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Panda Express Takes Sweet And Sour Beyond The Food Court

An employee packs a customer's takeout order at a Panda Express restaurant in Los Angeles.
Fred Prouser
Reuters /Landov
An employee packs a customer's takeout order at a Panda Express restaurant in Los Angeles.

Not all that long ago, many Americans thought of Chinese food as fried rice, chow mein and orange chicken. And one reliable place to find it was at the mall, at places like Panda Express.

But food court mainstay Panda Express is now in the midst of a major transformation. That means moving from mall basements to stand-alone restaurants and keeping pace with an increasingly sophisticated American palate.

"It was my entryway into Chinese food," says Devin Niebrugge a bit wistfully. The 23-year-old California transplant is enjoying a late lunch at a Panda Express in Washington, D.C. "I feel like you start with Panda Express and when you start to like that, then you go to the more local Chinese restaurants and experiment a little more."

Panda Express is now one of the fastest-growing chains in the U.S. For the past 28 years, head chef Andy Kao has worked to stay ahead of food trends.

"Before, I just gave customers a big chunk of meat," Kao said at a suburban Los Angeles Panda that was turned into a temporary test kitchen last fall. "Now I need to make sure [the] nutrition's good."

One of Panda's challenges is countering the perception of Chinese food as oily and fried. Since 2007, Panda has publicly made a point of serving 20 different kinds of vegetables all chopped in-house every day.

Of the 150 recipes Panda Express Chef Andy Kao dreams up every year, only one or two will make it to consumers.
/ Courtesy of Panda Express
Courtesy of Panda Express
Of the 150 recipes Panda Express Chef Andy Kao dreams up every year, only one or two will make it to consumers.

Freshness is a strategy it shares with other "fast casual" restaurants such as Panera Bread and Chipotle. The niche thrived during the recession by highlighting quality ingredients in meals costing less than $10. To compete in a "Food Networked" world, Kao has had to somehow showcase Panda as generally appealing yet authentically ethnic.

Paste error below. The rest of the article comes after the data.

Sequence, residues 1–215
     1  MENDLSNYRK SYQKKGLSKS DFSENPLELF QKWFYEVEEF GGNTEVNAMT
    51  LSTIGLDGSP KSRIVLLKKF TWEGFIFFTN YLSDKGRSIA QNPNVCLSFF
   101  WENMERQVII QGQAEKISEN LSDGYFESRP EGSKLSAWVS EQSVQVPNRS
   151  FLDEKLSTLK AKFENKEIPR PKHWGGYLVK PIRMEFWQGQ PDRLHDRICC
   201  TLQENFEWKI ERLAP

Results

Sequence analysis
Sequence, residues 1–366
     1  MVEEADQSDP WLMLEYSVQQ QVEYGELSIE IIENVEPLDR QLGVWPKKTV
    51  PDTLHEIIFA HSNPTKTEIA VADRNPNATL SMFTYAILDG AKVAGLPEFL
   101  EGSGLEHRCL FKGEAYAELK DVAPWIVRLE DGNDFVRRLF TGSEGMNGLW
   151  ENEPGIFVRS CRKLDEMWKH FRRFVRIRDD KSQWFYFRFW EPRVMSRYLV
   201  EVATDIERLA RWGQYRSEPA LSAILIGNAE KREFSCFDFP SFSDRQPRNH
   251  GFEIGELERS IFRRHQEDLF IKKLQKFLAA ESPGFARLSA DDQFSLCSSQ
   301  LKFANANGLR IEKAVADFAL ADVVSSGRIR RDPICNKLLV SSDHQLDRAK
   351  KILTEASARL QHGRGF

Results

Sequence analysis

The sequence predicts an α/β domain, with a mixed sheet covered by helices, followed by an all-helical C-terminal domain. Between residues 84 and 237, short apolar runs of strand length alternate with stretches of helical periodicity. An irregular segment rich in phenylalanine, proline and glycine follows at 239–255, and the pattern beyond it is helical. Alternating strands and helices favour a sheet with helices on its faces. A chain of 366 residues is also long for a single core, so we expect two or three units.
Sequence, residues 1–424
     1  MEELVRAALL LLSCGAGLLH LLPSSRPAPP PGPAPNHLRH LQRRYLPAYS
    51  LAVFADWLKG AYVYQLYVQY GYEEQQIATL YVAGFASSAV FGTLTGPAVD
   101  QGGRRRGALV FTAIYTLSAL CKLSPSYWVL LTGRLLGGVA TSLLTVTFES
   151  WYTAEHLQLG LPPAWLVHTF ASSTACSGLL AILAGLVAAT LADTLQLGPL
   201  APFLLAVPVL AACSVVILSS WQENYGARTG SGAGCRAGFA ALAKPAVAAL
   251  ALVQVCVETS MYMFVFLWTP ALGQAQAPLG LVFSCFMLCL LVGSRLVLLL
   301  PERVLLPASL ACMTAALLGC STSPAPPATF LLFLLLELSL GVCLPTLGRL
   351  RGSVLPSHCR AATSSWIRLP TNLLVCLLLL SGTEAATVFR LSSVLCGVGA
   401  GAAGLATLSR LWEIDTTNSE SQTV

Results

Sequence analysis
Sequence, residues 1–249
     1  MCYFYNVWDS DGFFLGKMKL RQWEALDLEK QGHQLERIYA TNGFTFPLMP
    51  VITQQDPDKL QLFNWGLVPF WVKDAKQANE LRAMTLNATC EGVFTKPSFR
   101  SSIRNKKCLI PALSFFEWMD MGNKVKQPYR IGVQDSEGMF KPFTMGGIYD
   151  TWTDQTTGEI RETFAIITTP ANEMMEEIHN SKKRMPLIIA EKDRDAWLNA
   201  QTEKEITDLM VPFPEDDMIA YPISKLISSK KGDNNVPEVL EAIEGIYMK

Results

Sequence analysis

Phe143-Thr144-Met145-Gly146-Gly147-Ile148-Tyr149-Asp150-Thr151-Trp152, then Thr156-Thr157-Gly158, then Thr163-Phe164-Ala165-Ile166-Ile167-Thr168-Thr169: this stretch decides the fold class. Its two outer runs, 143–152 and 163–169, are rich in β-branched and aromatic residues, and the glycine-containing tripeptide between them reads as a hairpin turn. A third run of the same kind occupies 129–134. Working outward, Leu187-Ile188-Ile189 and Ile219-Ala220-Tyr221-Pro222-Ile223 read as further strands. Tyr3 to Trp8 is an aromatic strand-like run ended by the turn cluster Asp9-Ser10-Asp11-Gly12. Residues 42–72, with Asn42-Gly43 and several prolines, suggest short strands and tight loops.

One secret? That fiendishly tasty orange chicken. Panda Express product manager Patricia Lui says Panda sold over 60 million pounds of it last year. Every ounce seems calibrated to clobber your pleasure centers.

"Sweet and sharp and salty," she smiles. "You don't want any one flavor to stand out. You want it to be balanced."

To create another Panda platonic ideal, Lui and Kao are in the process of testing a brand new recipe for shrimp. Such premium products (along with Angus steak and portobello mushrooms) are part of Panda's plan to go more upscale. But the bottom line is steam table sustainability.

"So we'll taste it fresh and we'll taste it held," Lui explains. "And we'll see if the flavors and textures are holding up, and if not, we'll go back to do more development work."

Of the 150 recipes Kao dreams up every year for Panda Express, only one or two will make it to consumers, usually after years of trial and error. I watched Lui and product development coordinator Adrian Lok narrow down sauces.

"We had to put out 60, 70 sauces and taste each one," Lok says. The day I visited, they'd screened it down to six. Panda did not want me to reveal the flavors, but they would be familiar to anyone who enjoys a range of Asian cuisines. Smart, says food industry consultant Darren Tristano, who points to the success of Sriracha rooster sauce. He says Americans are craving a flavor profile Panda's well-positioned to provide.

"The spiciness, that teriyaki flavor," he enthuses. "Those different types of sour and tart and tangy. They're really starting to become more appealing. In fact, if you just look at the kids' aisle for candy [in the grocery store], that's most of the types of food we see. Very tart and sour flavors are what kids are looking for."

So are older kids, like the college students who routinely devour Korean food and seek out Korean-influenced frozen yogurt, like Pinkberry. It's reflective of a changing American palate. Tristano says there are about 40,000 Asian restaurants in the U.S. that represent about 13 percent of all full service sales.

"Compared to Italian at about 11 percent," he observes. "Now Italian used to be larger than Asia, but the two have flipped over the past two years."

Tristano admits that "Asian" seems like ridiculously broad category compared to Italian, but it's in Panda's interest to play up a pan-Asian approach; one stop for Chinese, Korean and Thai.

In fact, the final version of that test kitchen shrimp that landed on Panda's steam tables last week uses spicy Thai green peppercorns. Sales are up 5 percent since the launch of peppercorn shrimp. Customer Niebrugge says Panda can innovate all it wants. Nothing would persuade her to order anything but her beloved orange chicken.

"You know it's always the biggest tray on the little buffet line," she points out. "Everybody eats it."

A few new Panda Expresses open every month, most recently in Mexico City, joining about 1,500 Pandas so far. That's 30 percent more than 10 years ago. Over the long term, Panda plans to express itself to the tune of 10,000 restaurants all over the world.

Copyright 2021 NPR. To see more, visit https://www.npr.org.

Neda Ulaby reports on arts, entertainment, and cultural trends for NPR's Arts Desk.